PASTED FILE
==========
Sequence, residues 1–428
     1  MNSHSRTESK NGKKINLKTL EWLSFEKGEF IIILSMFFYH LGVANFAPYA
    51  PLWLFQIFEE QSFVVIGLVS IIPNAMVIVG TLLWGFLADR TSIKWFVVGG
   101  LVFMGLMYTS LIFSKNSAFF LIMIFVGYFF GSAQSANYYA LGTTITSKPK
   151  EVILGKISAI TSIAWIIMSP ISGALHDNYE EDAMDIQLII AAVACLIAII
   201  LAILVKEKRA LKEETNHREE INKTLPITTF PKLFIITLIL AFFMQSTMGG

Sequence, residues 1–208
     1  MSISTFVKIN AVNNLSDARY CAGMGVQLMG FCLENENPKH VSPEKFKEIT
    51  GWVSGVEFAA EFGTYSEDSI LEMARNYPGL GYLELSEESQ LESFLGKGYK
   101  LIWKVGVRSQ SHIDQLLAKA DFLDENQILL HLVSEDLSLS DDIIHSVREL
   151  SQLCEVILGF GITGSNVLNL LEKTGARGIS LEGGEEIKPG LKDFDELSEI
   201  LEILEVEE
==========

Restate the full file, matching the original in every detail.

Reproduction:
Sequence, residues 1–428
     1  MNSHSRTESK NGKKINLKTL EWLSFEKGEF IIILSMFFYH LGVANFAPYA
    51  PLWLFQIFEE QSFVVIGLVS IIPNAMVIVG TLLWGFLADR TSIKWFVVGG
   101  LVFMGLMYTS LIFSKNSAFF LIMIFVGYFF GSAQSANYYA LGTTITSKPK
   151  EVILGKISAI TSIAWIIMSP ISGALHDNYE EDAMDIQLII AAVACLIAII
   201  LAILVKEKRA LKEETNHREE INKTLPITTF PKLFIITLIL AFFMQSTMGG

Sequence, residues 1–208
     1  MSISTFVKIN AVNNLSDARY CAGMGVQLMG FCLENENPKH VSPEKFKEIT
    51  GWVSGVEFAA EFGTYSEDSI LEMARNYPGL GYLELSEESQ LESFLGKGYK
   101  LIWKVGVRSQ SHIDQLLAKA DFLDENQILL HLVSEDLSLS DDIIHSVREL
   151  SQLCEVILGF GITGSNVLNL LEKTGARGIS LEGGEEIKPG LKDFDELSEI
   201  LEILEVEE